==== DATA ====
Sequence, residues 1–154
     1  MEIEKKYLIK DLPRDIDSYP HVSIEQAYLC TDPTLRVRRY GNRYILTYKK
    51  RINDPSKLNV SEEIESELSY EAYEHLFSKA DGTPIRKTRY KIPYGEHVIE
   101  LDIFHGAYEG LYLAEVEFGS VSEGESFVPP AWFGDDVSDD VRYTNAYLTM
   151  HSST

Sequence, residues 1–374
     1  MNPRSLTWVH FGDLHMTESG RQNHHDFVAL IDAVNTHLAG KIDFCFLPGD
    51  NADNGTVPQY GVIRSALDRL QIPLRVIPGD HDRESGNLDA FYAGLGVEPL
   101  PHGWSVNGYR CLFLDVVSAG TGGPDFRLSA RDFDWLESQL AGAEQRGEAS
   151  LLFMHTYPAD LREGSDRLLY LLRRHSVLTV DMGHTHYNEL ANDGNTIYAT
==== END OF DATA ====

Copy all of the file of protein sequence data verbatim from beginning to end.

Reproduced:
Sequence, residues 1–154
     1  MEIEKKYLIK DLPRDIDSYP HVSIEQAYLC TDPTLRVRRY GNRYILTYKK
    51  RINDPSKLNV SEEIESELSY EAYEHLFSKA DGTPIRKTRY KIPYGEHVIE
   101  LDIFHGAYEG LYLAEVEFGS VSEGESFVPP AWFGDDVSDD VRYTNAYLTM
   151  HSST

Sequence, residues 1–374
     1  MNPRSLTWVH FGDLHMTESG RQNHHDFVAL IDAVNTHLAG KIDFCFLPGD
    51  NADNGTVPQY GVIRSALDRL QIPLRVIPGD HDRESGNLDA FYAGLGVEPL
   101  PHGWSVNGYR CLFLDVVSAG TGGPDFRLSA RDFDWLESQL AGAEQRGEAS
   151  LLFMHTYPAD LREGSDRLLY LLRRHSVLTV DMGHTHYNEL ANDGNTIYAT